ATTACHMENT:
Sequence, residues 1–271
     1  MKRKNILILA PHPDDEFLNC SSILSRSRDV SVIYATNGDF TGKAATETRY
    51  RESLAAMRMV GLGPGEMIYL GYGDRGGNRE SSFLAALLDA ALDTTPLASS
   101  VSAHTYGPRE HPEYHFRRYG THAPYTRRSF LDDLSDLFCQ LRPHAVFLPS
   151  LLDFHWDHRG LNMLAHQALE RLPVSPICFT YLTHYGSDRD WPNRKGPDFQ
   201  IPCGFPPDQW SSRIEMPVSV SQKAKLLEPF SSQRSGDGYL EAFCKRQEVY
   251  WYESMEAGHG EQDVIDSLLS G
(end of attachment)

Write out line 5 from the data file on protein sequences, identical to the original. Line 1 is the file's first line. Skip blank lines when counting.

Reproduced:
   151  LLDFHWDHRG LNMLAHQALE RLPVSPICFT YLTHYGSDRD WPNRKGPDFQ